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The Top 10 Things You Didn’t Know About Happy Valley, Hong Kong

Picture of Isobel Dobson
Updated: 22 July 2016
Situated in the Wan Chai district on Hong Kong Island, this area is (literally) rich in people and culture. Its history dates back to when the British colony decided to set up home in the heart of Hong Kong and started building – a bit like Emperor Kuzco and the swimming pool situation, except this was successful. It is a thriving community with popular attractions, and nobody got turned into a llama. Enough with the mumbling, let’s get cracking with the facts.

Over 600 people died at the racecourse

So, everybody knows about the famous racecourse in Hong Kong, but in 1918, one of the worst tragedies happened in Happy Valley. Over 600 people died due to a fire that had started in the kitchen where the meals were being prepped. The fire had only lasted around 20 minutes, but it had spread quickly causing the stands to collapse, ending in many deaths. After the accident, there were reports of ghostly sightings at the racecourse, so monks were brought in to perform rituals.

When the races are on, traffic changes

Since Wednesday nights are very popular in Causeway Bay/Happy Valley for numerous reasons, the roads can get very congested. Even more so during peak times. For people going to the racecourse by car, they have to go through Wong Nai Chung Road. You may want to consider walking instead; it’ll probably end up being quicker than attempting to take public transport.

It’s one of the most expensive areas to live in Hong Kong

Known to be a middle- and upper-class area, this is an area that is very much favored by expats. It’s near Causeway Bay MTR, close to the racecourse, popular shops, and good nightclubs but not close enough to be party central like Mid-Levels, which means the streets are a little quieter at night. Why wouldn’t this be a catch?

It was formerly a mud area

When you think of Happy Valley, the first thing would be either shopping or horses, so you wouldn’t expect the words like mud or swamp to come into play. A lot of Hong Kong used to be rice paddies and muddy fields until the British came along and changed history.

It has six cemeteries

Here’s the list: Jewish, Hindu, Parsee, Hong Kong, St. Michaels and a Catholic cemetery. Where did these come from? People immigrated to Hong Kong many years ago from all over the world, so it’s very diverse in religions. The first cemetery opened because too many British soldiers were dying from malaria caused by mosquitoes living in the swamps. So, naturally, a graveyard appeared on the scene.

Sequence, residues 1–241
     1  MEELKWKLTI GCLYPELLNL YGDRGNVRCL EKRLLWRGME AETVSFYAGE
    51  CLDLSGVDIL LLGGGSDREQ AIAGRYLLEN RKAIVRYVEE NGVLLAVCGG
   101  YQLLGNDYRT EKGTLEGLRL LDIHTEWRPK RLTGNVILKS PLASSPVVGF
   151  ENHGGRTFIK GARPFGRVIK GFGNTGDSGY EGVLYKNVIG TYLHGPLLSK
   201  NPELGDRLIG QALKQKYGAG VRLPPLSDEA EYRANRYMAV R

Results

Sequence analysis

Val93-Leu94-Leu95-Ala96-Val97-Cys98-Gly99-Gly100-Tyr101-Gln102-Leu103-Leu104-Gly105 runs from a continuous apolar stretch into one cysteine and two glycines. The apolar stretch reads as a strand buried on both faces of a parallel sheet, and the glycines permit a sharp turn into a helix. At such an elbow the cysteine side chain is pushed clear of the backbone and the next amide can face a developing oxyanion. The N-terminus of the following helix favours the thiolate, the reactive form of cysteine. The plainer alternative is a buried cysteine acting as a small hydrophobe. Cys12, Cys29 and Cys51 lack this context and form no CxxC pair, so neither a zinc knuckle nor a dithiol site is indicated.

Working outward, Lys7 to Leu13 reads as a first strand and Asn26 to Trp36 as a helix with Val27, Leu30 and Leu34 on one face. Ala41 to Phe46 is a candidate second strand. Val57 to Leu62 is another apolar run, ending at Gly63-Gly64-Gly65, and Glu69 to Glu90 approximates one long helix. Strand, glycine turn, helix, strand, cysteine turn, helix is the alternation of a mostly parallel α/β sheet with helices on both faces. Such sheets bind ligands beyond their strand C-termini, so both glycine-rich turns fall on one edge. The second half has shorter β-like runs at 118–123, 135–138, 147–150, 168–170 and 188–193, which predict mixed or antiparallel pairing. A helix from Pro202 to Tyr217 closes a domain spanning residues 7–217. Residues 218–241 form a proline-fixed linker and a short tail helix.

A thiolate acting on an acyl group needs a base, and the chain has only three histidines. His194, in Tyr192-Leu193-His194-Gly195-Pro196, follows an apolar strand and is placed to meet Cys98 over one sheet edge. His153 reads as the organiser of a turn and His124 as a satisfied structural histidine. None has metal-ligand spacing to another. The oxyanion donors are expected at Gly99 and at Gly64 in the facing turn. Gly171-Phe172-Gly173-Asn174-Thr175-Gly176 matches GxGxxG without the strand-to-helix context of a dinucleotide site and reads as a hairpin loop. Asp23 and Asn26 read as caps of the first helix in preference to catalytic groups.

Hindus in Hong Kong go to this temple

Over 40,000 Hindus who are immigrants from India use this as their place of worship because it is the main temple in Hong Kong. It’s not only a place for praying but also to exercise, take part in fun activities with the whole community, and classes.

It wasn’t always called Happy Valley

Originally, it was called Wong Nai Chung, which is translated as ‘yellow mud stream,’ or Shrek’s swamp. With the British known for their sense of humor, they decided to rename this area the complete opposite to what it actually was. Refer to point five. They’re like that one friend who’s trying to keep a positive outlook on life even though everything is going wrong.

The tallest residential building is situated in Happy Valley

Standing at 65 stories high, The Summit is one of the tallest in Hong Kong. Building work had started back in 1999, and it opened up two years later. It faces Mount Nicholson, along with its building buddy, Highcliff. Both buildings together are casually nicknamed ‘The Chopstick.’ How original and apt.

Tramways didn’t extend into Happy Valley until 1922

Trams are the best way to get around Hong Kong, so it’s surprising to hear that the tracks didn’t make it to Happy Valley until a later time. Around that time, the company kept changing names and electricity suppliers to fit the growing demand and population.

It has one of the oldest bus routes in Hong Kong

Known today by the locals as Route 1, this route dates back to 1928 when it didn’t even have a number. Over the years, the destinations kept changing as it was slowly starting to expand from Happy Valley. It halted for a brief moment due to the Japanese occupation but returned to normal in 1945. It holds the record for the most bus terminus alterations, before and after the war. This bus route now goes all the way to Kennedy Town.

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